Sydney has too much creative overflow for any venue to go to waste – so it was with some relief that we welcomed this new iteration of the Cleveland Street Theatre, which had been languishing (the odd indie production; irregular training college productions) since Performance Space, residents since 1983, left in 2007.
A privately owned theatre complex, 199 Cleveland Street was leased – quietly – by the Chaser team’s Giant Dwarf production company in December 2013. It reopened its doors with little fanfare on February 10  under the stewardship of The Chaser’s Julian Morrow, general manager Nikita Agzarian and bar manager Jessie Gilbert.
The initial impetus for Giant Dwarf (The Chaser’s nickname for Andrew Denton) was providing a venue for their Empty Vessel talks series and the Chaser-produced Story Club (Ben Jenkins’ and Zoe Norton Lodge’s formerly campus-based night). The grander hope was that by creating a home for other like-minded performers, some kind of cross-fertilisation would occur that would be valuable for the creative pool. “We want to be a safe and fun place for them to trial new materials and formats and grow their skills,” says Agzarian.
Agzarian, who started working for The Chaser in 2010 as a production assistant, speaks of the difficulty she previously had finding appropriate venues – not just for Story Club but also Dan Ilic’s topical comedy panel A Rational Fear and Tom Ballard’s Listening Party. “It was so hard to find the right place – either they were in the wrong part of the city and people weren’t commuting to them, or they had really bad sight lines, or they weren’t big enough…”
The Cleveland Street venue boasts 250 seats – but that’s just part of the equation. Events that run there also get promotion and the benefits of Chaser association – for one, big guest names.
Giant Dwarf has not only drawn events like Confession Booth, A Rational Fear, Erotic Fan Fiction and Bear Pack (another formerly campus-based group) into its orbit, but it’s now starting to sell out its home-produced shows like Story Club. It has, within six months, become the go-to venue for a certain kind of comedy.
Appearance-wise, the venue has a kind of shabby chic vibe that perhaps belies the amount of hard labour (and cash) that went into the refurb. The basic theme is art deco (with most of the design work done by The Chaser’s production designer Sam Asher), with maroon paint and gold accents, and wall-mounted sound-proofing panels cleverly concealed behind Catherine Martin Gatsby-era wallpaper; red velvet curtains; gilt-framed French antique furniture (bought in a one-day Lawsons spree by Craig Reucassel – for a steal); and rows of dirty-white vinyl theatre seats (salvaged from a medical practice in Ipswich, Queensland, via eBay).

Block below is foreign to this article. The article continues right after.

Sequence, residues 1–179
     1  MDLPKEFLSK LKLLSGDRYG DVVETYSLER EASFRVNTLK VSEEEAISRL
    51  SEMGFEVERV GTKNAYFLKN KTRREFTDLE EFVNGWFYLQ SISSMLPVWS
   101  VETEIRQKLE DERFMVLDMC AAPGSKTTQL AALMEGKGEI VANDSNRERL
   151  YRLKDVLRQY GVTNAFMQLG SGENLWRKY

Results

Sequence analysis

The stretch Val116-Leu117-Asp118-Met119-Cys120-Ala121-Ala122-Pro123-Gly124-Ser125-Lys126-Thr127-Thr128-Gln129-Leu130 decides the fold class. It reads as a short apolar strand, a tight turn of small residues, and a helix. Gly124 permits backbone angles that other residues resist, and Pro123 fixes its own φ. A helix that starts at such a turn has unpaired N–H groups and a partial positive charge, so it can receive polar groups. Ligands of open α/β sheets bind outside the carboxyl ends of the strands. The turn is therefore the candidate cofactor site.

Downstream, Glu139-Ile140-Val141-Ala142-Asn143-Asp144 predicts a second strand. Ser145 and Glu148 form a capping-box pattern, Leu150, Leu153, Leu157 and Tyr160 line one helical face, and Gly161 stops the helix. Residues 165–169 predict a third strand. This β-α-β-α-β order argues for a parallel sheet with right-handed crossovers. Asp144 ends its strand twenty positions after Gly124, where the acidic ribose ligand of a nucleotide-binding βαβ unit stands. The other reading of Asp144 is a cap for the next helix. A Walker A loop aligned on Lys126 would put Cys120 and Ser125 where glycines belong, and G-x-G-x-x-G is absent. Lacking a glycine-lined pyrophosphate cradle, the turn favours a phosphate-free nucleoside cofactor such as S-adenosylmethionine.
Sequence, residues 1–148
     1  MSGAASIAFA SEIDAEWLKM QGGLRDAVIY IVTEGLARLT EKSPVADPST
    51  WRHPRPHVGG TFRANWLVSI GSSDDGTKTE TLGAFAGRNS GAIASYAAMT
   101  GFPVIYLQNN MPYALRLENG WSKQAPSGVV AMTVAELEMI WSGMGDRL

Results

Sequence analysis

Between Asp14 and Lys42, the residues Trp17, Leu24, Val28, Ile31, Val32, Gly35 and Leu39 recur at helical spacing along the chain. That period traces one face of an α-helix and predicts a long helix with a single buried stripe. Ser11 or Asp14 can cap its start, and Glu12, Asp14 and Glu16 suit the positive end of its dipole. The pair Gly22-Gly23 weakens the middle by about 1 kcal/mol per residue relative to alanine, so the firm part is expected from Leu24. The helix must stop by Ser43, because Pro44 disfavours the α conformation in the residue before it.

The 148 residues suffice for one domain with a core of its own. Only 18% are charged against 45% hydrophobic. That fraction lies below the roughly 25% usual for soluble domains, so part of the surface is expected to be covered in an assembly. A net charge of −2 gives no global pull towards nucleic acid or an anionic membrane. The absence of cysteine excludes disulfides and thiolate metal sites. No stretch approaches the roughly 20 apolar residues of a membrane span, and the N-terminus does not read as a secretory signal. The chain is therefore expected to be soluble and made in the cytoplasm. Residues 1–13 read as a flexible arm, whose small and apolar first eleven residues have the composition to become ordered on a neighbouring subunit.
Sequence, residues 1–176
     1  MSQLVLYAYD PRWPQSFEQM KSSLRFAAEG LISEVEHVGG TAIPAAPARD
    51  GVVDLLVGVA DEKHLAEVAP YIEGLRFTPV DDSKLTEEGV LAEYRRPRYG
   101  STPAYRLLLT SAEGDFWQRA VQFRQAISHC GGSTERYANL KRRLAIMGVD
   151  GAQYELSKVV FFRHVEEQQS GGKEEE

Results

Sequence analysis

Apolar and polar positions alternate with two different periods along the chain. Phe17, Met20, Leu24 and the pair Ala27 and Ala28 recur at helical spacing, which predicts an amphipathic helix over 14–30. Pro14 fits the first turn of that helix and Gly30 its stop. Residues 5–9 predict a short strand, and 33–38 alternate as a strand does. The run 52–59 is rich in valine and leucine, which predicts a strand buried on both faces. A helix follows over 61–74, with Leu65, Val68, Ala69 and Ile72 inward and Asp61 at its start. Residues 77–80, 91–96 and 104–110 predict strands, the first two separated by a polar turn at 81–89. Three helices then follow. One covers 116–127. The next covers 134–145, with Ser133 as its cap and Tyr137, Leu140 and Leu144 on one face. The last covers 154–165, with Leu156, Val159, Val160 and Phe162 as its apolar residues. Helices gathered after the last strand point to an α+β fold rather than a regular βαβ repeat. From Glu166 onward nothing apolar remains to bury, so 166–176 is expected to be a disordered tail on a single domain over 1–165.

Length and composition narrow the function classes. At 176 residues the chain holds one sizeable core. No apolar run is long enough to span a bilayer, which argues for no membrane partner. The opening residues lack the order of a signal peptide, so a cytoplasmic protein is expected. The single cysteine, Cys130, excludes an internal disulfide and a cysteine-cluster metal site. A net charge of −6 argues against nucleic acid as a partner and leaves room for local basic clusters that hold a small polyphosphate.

If it doesn’t look like a comedy club, that’s because The Chaser never did stand-up. “Maybe it’s inspired by the kind of shows we interacted with when we were doing writers festivals and things like that,” Morrow muses.
During the day, the venue often functions as a filming location for The Chaser’s TV ventures (and ideally will also become their office space). “We’ve had a good little run of [TV] shows, and part of the idea behind this venture is ‘Let’s use that, or invest it,’” says Morrow.
The Chaser have a two year lease on the premises, taking them up to December 2015: “That’s the moment at which we have to decide whether we keep going,” says Morrow. “The hope is that by that point it will be viable-ish. It’s been tremendously fun and feels like a really good thing, so the presumption would be that we want to keep doing it – but in the end it’s got to pay for itself."
That said, The Chaser don’t have great form when it comes to closing down business they’re fond of, Morrow points out: “The Chaser newspaper was meant to be eight editions to test its viability, and if it wasn’t viable we’d shut it down. And it wasn’t viable after eight editions and so we decided to shut it down. But it took five years to do that.”